1. The First Lecture tries to illustrate the way how Maltese Law, during the late Mediaeval period before the arrival of the Order of St. John, served the particular needs of the Maltese Community. The texts used are those of the Acta Juratorum published by Professor Wettinger, and the Notarial Acts of Giacomo Zabbara, published by Professor Stanley Fiorini. Most notably, the first furnish instances where the Rent Laws adopted and the regulations imposed concerning the disposal of waste, were meant to protect Mdina; whilst gleanings from the second show the use of emancipation of sixteen year old males, to buttress with their personal added guarantees their father’s obligations.

2. The Second Lecture deals with the steps taken by the Order of St. John to ensure complete control over the Islands. During the first period, De L‘Isle Adam‘s first Bandi: prohibition of sale of immovable property to foreigners or Maltese living abroad, registration of title of ownership, limitation of hunting rights. D’Omedes and the Officio delle Case. La Vallette and building regulations in the new city. La Cassiere and the expulsion of Jews and the control of prostitution. The Court of the Castellania.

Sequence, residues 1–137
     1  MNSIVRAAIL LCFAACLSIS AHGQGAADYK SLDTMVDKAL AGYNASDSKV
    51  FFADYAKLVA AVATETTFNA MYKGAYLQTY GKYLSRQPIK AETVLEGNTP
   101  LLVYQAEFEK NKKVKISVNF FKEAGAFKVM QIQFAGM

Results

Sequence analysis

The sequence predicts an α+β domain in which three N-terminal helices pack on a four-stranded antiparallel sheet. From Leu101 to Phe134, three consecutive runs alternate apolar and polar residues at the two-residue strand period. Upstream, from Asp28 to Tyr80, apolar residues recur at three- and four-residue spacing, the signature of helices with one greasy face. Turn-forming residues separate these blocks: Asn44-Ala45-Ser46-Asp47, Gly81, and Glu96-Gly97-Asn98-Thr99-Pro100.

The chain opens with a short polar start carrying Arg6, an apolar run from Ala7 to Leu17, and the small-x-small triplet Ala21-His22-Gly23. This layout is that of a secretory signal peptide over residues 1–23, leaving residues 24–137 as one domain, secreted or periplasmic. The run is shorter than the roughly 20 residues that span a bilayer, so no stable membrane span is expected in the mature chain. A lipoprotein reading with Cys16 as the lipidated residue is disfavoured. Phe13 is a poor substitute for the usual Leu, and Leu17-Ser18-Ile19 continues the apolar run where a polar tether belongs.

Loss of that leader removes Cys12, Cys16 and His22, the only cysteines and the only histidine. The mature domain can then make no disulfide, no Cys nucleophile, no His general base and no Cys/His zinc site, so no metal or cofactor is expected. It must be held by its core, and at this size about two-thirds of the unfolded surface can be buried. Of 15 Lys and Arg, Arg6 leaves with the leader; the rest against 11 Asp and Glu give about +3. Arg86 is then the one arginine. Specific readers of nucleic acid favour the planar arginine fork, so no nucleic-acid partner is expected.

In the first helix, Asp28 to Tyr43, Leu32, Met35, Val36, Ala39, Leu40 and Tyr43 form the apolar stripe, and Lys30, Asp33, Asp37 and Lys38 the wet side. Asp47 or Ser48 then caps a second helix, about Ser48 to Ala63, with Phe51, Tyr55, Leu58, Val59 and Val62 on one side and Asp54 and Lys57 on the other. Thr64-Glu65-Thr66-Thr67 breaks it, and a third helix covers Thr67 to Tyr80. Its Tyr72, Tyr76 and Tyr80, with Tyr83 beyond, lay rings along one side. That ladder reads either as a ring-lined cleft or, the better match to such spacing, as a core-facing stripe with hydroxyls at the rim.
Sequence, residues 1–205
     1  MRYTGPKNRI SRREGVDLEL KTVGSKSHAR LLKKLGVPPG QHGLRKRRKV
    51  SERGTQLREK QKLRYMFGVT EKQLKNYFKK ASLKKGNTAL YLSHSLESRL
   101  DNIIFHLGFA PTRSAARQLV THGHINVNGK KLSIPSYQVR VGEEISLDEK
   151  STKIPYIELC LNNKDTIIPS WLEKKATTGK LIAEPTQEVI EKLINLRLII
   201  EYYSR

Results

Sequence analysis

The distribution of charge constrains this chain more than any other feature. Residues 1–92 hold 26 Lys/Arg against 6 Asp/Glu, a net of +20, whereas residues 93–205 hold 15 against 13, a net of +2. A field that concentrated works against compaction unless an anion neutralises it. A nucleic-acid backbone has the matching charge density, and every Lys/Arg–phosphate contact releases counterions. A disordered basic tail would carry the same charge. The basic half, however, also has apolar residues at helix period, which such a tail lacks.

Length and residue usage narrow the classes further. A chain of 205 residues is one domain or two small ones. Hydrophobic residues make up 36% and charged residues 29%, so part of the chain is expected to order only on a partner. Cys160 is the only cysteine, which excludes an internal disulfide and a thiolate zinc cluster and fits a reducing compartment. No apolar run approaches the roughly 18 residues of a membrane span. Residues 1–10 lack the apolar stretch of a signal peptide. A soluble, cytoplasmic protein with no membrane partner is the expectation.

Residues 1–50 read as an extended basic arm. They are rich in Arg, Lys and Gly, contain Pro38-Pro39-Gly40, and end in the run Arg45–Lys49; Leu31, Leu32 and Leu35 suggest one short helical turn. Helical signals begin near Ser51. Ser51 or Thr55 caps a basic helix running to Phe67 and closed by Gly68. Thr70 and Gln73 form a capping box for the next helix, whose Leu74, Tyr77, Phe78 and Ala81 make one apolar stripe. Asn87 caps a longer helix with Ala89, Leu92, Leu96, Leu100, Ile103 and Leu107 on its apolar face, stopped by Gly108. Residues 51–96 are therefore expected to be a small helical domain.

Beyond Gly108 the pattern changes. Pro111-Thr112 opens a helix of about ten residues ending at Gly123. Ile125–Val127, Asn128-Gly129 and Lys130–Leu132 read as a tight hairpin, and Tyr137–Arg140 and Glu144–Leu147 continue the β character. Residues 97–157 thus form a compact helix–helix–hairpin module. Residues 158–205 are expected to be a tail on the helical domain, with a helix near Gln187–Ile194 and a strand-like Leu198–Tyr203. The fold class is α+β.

3. The Third Lecture would relate the Order‘s needs in attempting to form a separate political entity and free itself from outside control. The Tribunale degli Armamenti, the Prammatiche of Caraffa, the Consolato di Mare of Perellos, the Leggi e Costituzioni Prammaticali of Manoel de Vilhena, and the Diritto Municipale of Rohan. The influence of the Enlightenment.

4. The Fourth Lecture describes the reforms introduced by Napoleon. The French Republic‘s impelling need to make a tabula rasa of the Ancien Regime. The abolition of Slavery, the declaration of religious liberty, the principle of Equality before the law, and the removal of the distinctions of nobility and class, the dissolution of the Order of St. John and the State‘s confiscation of the Order‘s property, the disbandment of the Officio delle Case and Rent Control.